Air Help - in General
Having Ford or Lincoln Air Suspension Problems? Air suspension is such a specialized area, that only 1 in 20 mechanics are good at diagnosing these systems. What does that mean? Most of the time they basically throw parts at the vehicle until they either get lucky and fix it.....or the customer runs out of money! Here at American Air Suspension, we can assist you in diagnosing the air system and supply you with the best affordable replacement airbags, air compressor, dryer and solenoids if you are set on keeping the air suspension. If you're looking for a less expensive, longer lasting solution, we offer Air Suspension Conversion kits for just about any make and model so you can quickly and safely convert your vehicle to a conventional coil spring suspension system.
Vehicle Specific Air Suspension Help:
General Air Suspension FAQ's:
How do I disconnect an airline?
HOW DOES IT WORK?
The airlines are held in an air suspension dryer or solenoid by means of a little brass collet on each airline. This collet allows the airline to go in easily, but the 4 little jaws dig in making it difficult for the line to pull out.
The way the factory designed the airlines to be released, is to push the little orange collar(which puts pressure on the collet) in towards the dryer with one hand, while at the same time.....pull the line out of the dryer/solenoid with the other hand.
While this was the way it was designed to work, in reality, if the air lines have been in the collet long enough, the 4 little jaws of the collet may have "dug in" and may require a little more effort to remove. If you try the normal route to remove the lines and it gives you a hard time, try pushing the line in with one hand while pushing the orange collar in with the other hand. This will "usually" help release a stuck collet jaw. Keep in mind, if your car is say '93 or so, those collets have been "dugg-in" to those lines for a long time. It may take a few times to get it.
How do you Leak Test?
What should you leak test?
To be successful in diagnosing your air suspension problem, you have to first figure out what to test. While everyone wants to think that the reason their 50K SUV is going down is because of something cheap & simple like a leak at the dryer or solenoid, in reality, this just isn't the REAL problem!
If you look in a Ford shop manual, it says in black & white that the line connections were never designed to be totally leak-free. The reason they don't care if they have a small leak at a line connection, is because of the solenoids. These vehicles have a solenoid on each air spring that acts as a gate for air and are normally closed. These solenoids are a very good, dependable design and very rarely fail. Air is held in the
Lincoln Air Bags by a solenoid and it is designed to remain in the airbag until the module signals a solenoid to open. At this time, the air will either go in the airbag or back out.....depending on what the module is trying to accomplish. The module(brain) makes ALL the decisions based on the info that the height sensors have given it.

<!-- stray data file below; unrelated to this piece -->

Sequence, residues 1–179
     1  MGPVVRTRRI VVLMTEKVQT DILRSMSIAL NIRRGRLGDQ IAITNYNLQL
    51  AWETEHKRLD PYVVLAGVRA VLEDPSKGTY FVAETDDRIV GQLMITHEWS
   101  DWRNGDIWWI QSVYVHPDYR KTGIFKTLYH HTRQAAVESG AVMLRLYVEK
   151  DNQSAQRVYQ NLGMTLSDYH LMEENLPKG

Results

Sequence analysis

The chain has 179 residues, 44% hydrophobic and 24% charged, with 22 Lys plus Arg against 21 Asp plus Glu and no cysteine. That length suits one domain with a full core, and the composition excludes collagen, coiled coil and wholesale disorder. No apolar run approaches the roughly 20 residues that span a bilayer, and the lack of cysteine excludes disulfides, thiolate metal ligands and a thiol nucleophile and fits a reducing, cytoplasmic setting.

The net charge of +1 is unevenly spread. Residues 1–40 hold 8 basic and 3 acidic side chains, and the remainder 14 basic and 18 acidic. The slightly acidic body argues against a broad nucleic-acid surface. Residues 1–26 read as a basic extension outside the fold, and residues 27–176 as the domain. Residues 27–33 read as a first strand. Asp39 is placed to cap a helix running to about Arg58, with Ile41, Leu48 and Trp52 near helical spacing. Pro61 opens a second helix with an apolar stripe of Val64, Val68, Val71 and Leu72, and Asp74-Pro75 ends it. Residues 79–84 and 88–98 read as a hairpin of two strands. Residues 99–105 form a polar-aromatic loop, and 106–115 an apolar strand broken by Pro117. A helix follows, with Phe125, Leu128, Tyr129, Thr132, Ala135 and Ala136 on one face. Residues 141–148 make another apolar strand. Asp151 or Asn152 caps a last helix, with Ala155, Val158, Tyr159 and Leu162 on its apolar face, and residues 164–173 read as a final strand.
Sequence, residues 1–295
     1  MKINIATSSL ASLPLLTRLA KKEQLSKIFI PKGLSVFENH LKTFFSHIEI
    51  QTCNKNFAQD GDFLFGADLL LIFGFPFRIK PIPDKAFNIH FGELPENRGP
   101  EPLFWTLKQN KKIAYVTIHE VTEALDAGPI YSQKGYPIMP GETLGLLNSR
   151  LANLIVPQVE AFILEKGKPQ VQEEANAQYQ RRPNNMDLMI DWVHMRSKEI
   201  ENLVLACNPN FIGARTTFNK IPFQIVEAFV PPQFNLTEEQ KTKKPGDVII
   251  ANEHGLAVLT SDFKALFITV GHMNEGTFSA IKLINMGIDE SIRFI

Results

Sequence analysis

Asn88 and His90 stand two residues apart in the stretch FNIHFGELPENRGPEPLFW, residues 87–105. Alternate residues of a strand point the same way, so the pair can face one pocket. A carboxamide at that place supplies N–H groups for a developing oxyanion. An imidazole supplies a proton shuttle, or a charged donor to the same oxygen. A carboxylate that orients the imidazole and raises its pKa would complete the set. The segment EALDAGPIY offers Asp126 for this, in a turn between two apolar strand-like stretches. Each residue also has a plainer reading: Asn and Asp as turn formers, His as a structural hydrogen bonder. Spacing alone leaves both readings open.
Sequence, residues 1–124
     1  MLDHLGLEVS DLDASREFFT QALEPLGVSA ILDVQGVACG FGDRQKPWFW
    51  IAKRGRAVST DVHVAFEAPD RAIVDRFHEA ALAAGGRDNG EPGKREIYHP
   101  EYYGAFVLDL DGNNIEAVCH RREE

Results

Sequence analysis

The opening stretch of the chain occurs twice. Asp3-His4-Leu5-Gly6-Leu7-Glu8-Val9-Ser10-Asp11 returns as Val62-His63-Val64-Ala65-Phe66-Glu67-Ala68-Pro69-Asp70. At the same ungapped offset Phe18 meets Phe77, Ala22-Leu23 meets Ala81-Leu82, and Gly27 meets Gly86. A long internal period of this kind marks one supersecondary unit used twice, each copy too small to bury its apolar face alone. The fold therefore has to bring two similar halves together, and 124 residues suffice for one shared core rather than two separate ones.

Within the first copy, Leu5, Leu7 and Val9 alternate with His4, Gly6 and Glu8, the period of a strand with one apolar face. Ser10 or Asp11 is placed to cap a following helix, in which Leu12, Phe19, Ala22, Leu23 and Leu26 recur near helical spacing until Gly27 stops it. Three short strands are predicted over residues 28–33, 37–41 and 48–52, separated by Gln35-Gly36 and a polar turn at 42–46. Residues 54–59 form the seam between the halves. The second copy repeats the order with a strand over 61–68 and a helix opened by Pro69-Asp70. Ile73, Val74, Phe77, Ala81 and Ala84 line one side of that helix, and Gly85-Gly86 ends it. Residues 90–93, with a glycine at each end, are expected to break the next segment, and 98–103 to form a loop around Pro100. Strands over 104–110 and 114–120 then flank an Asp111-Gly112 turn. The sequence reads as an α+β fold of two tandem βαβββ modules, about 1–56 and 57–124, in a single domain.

While these systems are designed from the factory to be able to make any adjustments for an hour or two after shut down, they are also designed to go to sleep or shutdown after this time. During this off-time, the system won't make any adjustments and really doesn't give a hoot what the car is doing.
TO FIND OUT WHAT TO FOCUS YOUR EFFORTS ON, USE THIS AS A CHEAT SHEET:
If the vehicle you're working on goes down after the vehicle has sat a while, turn on the ignition to see if it'll pump back up. If the air suspension compressor IS able to pump the car back up, focus your efforts on the Lincoln Air Bags or the 2 solenoid seals the size of your pinky, that seals the solenoid to the airbag.
Forget about any leaks in the airlines, where the line goes in the solenoid or dryer, as a leak in the lines just makes the system less efficient and will only increase raising the time of your vehicle.
In other words, if it can pump up, apparently any leaks in the lines weren't severe enough to cause any problems. Also, if the system usually pumps up the vehicle in say....20 seconds, it may now take 25-30 seconds because of the leak at the line connection!
If the vehicle you're working on goes down after the vehicle has sat awhile, turn on the ignition to see if it'll pump back up. If it DOES NOT pump back up, first find out if the Lincoln air suspension compressor is running.
If the Lincoln air suspension compressor IS running, a pretty severe leak at a line connection and/or weak compressor maybe at fault.
Lincoln air suspension compressor is NOT running, focus your efforts on why it's not coming on, as a bad air suspension compressor relay maybe dropping the ball or the module is seeing a problem in the system and is trying to shut down the system.
Keep in mind that ALL the
Lincoln Air Bags have their own solenoid. The solenoid acts as a gate for air and no air should go in or out unless the solenoid is opened up by the module. By turning the suspension switch off, you're disabling the solenoids, thus no air should escape....unless of course there's a leak.
RECOMMENDED LEAK TEST OF LINCOLN AIR BAGS
By far, the easiest way to test for a leak on a
Lincoln Airbag, is to allow the car to vent down after shutting off the engine and opening and closing the door.
IT IS VERY IMPORTANT TO MAKE SURE THE CAR HAS LOWERED PRIOR TO TURNING THE SUSPENSION SWITCH OFF, OR THE TEST WON'T BE ACCURATE! Your goal is to get the vehicle to sit at the height it sat at most of it's life.
If nothing else, wait 5 minutes after you turn the ignition off...then turn the suspension switch off. The car should have vented by then.
After this, turn the suspension switch off and measure the height of the 4 corners of the car with a tape measure and write it down. Now drive the vehicle for a few days. If the vehicle has a leak, the car should go down after driving.
NOTE: Depending on the severity of the leak, it may take more than one day to leak down. This is the case more times than you would think.
By all means, if the car goes down after 10 minutes of driving, turn the switch back and resume your journey. You have answered your question.
COULD IT BE JUST A SOLENOID LEAK?